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    £8,000 race bias damages apt

    An award of compensation totalling £8,000 made under the Race Relations Act 1976 to an employee against an employer for injury to feelings and aggravated damages that related to a single direct incident of racial discrimination was neither wrong in principle nor excessive in amount.

    The Court of Appeal so held dismissing an appeal by the employer, British Telecommunications plc, from the Employment Appeal Tribunal on March 7, 2003 (Judge Prophet, Ms S. R. Corby and Mr R. N. Straker) upholding a decision of an employment tribunal to award the employee, Andrew Reid, £6,000 for injury to feelings and £2,000 by way of aggravated damages.

    Mr Philip Thornton for the employer, the employee did not appear and was not represented.

    LORD JUSTICE WARD said that the employee was a black man of Afro-Caribbean descent who had been employed by British Telecommunications since 1997. In January 2000 he was working shifts in St Albans with two others. It was not a happy team.

    The employment tribunal had to examine four incidents. Its finding of actual discrimination was in respect of only one incident of unpleasant conduct: the transgressor, one of the team, after a heated argument saying to Mr Reid: “I will get someone to put you back in your cage.”

    The tribunal found that the employer had not proved that it had taken such steps as were reasonably practicable to prevent the transgressor from doing the alleged acts and that it was therefore liable in respect of any complaint found proved.

    No appeal was made against the finding of liability, the challenge being only against the separate award of damages for injury to feelings and aggravated damages.

    The employment tribunal’s judgment was not as fully reasoned as it might have been: it could have been more felicitously expressed.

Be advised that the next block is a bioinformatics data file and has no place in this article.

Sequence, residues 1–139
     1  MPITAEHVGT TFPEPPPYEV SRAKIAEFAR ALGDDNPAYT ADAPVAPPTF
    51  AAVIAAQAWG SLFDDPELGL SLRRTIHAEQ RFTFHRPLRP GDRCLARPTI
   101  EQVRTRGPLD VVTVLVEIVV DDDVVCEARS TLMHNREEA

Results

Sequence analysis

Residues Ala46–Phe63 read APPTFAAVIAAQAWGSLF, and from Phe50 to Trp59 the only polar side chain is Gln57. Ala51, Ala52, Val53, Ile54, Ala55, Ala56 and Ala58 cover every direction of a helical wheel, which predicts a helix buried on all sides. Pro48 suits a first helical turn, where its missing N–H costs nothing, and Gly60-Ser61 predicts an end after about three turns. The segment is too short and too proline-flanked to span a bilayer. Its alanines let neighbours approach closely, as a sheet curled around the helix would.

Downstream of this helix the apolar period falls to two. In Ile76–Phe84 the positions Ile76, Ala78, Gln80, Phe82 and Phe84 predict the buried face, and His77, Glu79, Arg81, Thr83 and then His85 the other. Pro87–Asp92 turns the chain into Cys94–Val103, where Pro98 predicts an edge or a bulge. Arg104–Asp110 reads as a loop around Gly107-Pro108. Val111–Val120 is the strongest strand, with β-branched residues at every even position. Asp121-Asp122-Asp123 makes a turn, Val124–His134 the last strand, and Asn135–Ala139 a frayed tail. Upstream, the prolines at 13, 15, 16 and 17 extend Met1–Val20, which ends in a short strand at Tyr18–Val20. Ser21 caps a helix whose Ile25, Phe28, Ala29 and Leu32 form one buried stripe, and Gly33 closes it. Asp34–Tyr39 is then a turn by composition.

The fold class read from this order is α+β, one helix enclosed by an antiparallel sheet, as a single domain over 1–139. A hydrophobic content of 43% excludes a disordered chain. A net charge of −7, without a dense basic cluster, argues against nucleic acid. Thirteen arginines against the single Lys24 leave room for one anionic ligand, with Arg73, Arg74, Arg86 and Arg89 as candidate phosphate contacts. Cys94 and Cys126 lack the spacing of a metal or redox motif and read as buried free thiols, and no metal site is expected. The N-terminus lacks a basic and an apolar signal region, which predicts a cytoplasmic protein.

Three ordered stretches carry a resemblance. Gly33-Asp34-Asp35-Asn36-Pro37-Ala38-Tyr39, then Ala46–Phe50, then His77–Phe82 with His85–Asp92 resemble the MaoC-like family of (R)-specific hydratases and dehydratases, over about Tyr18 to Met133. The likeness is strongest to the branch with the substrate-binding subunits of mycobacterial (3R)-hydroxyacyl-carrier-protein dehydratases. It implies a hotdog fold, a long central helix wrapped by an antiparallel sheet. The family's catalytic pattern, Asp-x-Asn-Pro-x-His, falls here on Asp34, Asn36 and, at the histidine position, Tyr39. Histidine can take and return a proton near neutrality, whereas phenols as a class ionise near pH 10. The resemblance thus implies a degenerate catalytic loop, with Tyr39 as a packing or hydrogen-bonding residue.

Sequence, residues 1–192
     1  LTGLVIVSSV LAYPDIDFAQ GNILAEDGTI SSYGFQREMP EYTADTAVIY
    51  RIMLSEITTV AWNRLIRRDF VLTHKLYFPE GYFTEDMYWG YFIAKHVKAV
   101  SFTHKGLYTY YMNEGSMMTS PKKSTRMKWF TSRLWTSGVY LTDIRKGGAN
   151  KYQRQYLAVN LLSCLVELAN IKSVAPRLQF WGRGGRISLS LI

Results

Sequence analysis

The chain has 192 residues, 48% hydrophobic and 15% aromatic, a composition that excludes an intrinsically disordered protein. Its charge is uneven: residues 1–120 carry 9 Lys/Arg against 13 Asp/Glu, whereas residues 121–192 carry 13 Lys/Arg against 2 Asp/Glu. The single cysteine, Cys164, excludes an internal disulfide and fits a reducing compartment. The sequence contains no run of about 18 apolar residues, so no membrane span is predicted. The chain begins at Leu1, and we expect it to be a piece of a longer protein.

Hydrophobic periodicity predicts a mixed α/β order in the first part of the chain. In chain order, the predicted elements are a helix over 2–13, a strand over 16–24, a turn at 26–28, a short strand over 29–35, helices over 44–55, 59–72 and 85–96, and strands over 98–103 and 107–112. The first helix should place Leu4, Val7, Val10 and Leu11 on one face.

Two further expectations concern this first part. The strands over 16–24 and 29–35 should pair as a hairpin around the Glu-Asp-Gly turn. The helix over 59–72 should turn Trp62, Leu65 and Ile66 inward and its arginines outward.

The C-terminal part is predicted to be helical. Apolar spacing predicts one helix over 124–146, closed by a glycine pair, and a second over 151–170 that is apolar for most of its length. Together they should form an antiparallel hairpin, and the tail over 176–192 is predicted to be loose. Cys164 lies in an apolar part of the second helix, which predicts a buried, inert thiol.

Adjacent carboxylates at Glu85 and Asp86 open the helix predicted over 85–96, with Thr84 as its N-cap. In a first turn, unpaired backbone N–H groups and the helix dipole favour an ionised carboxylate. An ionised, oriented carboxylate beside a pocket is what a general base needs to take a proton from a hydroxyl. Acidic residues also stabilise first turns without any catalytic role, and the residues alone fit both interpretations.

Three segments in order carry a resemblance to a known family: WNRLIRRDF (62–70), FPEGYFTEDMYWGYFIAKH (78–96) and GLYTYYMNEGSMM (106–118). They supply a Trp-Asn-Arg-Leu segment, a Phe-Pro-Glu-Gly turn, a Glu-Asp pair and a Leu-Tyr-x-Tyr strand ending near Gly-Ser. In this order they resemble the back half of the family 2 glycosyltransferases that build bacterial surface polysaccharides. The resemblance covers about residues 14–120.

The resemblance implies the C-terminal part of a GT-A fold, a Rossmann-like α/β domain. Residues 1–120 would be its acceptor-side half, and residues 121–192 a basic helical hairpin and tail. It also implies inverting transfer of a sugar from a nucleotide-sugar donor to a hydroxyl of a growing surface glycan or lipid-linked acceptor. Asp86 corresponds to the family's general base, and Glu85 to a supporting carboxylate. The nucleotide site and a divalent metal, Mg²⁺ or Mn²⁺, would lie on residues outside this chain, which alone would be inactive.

However, in Chief Constable of West Yorkshire Police v Vento (The Times December 27, 2002; [2003] ICR 318) the Court of Appeal pointed out that translating hurt feeling into hard currency was bound to be an artificial exercise.

    In Alexander v Home Office ([1988] IVR 685) the Court of Appeal observed that it was open to a tribunal in a discrimination case to include an element of aggravated damages.

    In Prison Service v Johnson ([1997] ICR 275) the Employment Appeal Tribunal, having considered Alexander’s case, said that aggravated damages ought to be available in direct discrimination cases where a complainant relied on malice or the employer’s manner of conduct as aggravating the injury to feelings.

    For the employer it was submitted that the fact the transgressor had not been punished did not demonstrate that the employer had treated the incident as trivial.

    There was no finding, Mr Thornton argued, of any high handed, malicious, insulting or oppressive behaviour, nor any finding that the conduct was intentional.

    So far as the appeal against aggravated damages was concerned those submissions caused some anxiety. However, the conclusion had to be that the reasons were sufficiently discernible and entitled the tribunal to take account of the fact that the transgressor had not been punished, remained in post and, strikingly, had been promoted.

    Those were factors which could not be said to be irrelevant and the tribunal did not err in having regard to them.

    Lord Justice Latham agreed and Lord Justice Keene gave a concurring judgment.


    The Times: October 2003